Modelling rate limitations in dissimilatory iron reduction

15 June 2012
14:30
Dr Henry Winstanley
Abstract
Respiration is a redox reaction in which oxidation of a substrate (often organic) is coupled to the reduction of a terminal electron acceptor (TEA) such as oxygen. Iron oxides in various mineral forms are abundant in sediments and sedimentary rocks, and many subsurface microbes have the ability to respire using Fe(III) as the TEA in anoxic conditions. This process is environmentally important in the degradation of organic substrates and in the redox-cycling of iron. But low mineral solubility limits the bioavailability of Fe(III), which microbes access primarily through reductive dissolution. For aqueous nutrients, expressions for microbial growth and nutrient uptake rates are standardly based on Monod kinetics. We address the question of what equivalent description is appropriate when solid phase Fe(III) is the electron acceptor.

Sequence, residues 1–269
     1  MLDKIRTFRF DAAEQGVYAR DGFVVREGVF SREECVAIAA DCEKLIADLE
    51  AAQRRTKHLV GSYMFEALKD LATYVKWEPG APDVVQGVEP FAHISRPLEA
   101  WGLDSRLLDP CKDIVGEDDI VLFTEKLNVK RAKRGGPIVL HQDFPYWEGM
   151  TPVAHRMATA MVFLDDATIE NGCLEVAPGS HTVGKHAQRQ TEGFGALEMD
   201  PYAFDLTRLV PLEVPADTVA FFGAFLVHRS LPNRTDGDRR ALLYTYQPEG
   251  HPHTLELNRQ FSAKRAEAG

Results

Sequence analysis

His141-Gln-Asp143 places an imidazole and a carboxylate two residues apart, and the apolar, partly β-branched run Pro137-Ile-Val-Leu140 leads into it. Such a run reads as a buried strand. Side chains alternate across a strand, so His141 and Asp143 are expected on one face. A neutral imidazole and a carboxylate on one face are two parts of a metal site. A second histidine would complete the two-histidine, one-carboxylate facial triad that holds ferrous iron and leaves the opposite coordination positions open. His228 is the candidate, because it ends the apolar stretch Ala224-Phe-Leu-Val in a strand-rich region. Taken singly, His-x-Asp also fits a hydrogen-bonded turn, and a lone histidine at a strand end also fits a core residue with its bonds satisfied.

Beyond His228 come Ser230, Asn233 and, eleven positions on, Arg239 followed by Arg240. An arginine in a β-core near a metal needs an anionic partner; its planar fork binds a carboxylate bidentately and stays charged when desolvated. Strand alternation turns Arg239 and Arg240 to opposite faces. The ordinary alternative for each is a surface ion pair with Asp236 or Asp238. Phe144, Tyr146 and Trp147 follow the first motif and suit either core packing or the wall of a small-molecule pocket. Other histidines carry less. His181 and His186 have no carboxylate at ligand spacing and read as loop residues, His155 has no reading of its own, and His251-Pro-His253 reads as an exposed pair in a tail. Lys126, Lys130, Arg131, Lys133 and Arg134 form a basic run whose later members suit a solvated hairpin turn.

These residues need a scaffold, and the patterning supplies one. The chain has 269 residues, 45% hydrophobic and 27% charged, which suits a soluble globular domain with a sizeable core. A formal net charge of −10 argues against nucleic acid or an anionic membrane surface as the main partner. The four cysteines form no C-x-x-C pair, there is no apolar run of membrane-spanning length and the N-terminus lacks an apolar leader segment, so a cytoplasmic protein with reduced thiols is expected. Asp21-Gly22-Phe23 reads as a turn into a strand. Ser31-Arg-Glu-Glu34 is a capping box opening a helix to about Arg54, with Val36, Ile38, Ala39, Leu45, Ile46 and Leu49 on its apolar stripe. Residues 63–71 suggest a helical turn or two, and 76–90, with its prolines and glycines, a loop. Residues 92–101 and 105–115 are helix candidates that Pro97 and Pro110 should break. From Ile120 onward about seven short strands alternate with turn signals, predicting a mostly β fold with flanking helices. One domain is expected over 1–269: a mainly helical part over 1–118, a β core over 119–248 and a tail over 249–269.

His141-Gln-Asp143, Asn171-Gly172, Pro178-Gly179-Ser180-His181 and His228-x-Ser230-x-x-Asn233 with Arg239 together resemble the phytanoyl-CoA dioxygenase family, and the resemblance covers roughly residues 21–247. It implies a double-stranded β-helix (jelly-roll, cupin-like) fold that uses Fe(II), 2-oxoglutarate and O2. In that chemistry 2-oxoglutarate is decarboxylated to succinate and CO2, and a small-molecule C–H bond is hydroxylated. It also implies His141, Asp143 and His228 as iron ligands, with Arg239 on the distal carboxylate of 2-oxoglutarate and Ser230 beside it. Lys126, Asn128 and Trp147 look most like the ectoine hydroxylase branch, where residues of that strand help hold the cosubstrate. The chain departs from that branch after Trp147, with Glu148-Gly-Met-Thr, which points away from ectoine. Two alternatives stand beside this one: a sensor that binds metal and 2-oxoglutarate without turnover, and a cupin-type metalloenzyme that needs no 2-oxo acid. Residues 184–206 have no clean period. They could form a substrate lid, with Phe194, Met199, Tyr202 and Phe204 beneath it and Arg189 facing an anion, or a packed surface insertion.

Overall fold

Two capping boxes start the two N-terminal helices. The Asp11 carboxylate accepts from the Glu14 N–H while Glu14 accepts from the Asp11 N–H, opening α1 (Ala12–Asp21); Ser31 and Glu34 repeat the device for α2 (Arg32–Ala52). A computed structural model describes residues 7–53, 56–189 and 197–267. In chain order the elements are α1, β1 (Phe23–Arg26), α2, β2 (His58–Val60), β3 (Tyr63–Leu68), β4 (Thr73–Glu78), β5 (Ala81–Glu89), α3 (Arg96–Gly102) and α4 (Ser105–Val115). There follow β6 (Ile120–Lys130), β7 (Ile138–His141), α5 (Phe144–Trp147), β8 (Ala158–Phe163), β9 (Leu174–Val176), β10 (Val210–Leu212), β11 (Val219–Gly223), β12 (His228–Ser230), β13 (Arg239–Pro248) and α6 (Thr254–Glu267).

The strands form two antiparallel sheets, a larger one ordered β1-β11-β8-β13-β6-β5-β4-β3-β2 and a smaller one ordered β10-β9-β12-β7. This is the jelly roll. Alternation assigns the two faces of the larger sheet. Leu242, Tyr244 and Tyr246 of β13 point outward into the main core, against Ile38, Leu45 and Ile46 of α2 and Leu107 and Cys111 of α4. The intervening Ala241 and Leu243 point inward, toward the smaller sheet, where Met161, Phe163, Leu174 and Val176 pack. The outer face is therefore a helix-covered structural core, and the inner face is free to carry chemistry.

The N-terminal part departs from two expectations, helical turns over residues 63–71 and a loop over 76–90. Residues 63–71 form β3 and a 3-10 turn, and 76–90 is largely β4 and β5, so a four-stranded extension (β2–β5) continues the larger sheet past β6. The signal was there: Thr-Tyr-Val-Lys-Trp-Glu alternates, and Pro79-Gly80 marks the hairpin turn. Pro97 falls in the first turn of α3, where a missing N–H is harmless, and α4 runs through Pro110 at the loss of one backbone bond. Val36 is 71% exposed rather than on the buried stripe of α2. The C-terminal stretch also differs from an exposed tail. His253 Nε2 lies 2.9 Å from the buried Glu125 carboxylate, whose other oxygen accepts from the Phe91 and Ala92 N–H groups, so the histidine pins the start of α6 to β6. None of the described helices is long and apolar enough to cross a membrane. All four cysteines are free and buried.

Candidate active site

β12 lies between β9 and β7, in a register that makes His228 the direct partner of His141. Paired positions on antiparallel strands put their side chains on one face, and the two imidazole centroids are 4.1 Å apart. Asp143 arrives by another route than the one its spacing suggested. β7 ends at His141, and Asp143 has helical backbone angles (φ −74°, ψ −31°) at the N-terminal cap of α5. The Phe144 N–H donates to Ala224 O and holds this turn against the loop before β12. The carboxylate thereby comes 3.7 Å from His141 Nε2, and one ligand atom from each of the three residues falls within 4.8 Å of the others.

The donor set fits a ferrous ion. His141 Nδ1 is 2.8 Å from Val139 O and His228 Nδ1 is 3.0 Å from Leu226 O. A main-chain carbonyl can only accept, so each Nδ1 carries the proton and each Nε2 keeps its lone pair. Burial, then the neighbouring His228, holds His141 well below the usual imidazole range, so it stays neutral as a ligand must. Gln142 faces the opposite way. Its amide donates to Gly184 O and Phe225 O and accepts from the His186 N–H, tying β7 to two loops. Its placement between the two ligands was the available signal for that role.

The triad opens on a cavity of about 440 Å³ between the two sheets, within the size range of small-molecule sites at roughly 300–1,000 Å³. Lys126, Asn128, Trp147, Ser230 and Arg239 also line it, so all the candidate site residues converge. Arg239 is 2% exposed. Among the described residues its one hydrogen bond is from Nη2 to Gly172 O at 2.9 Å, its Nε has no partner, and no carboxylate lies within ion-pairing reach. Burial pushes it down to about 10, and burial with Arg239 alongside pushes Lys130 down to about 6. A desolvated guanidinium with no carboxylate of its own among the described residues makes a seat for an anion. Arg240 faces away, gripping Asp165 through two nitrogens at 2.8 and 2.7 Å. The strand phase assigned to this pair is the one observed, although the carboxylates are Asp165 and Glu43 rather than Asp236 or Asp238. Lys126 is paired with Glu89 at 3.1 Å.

• Mathematical Geoscience Seminar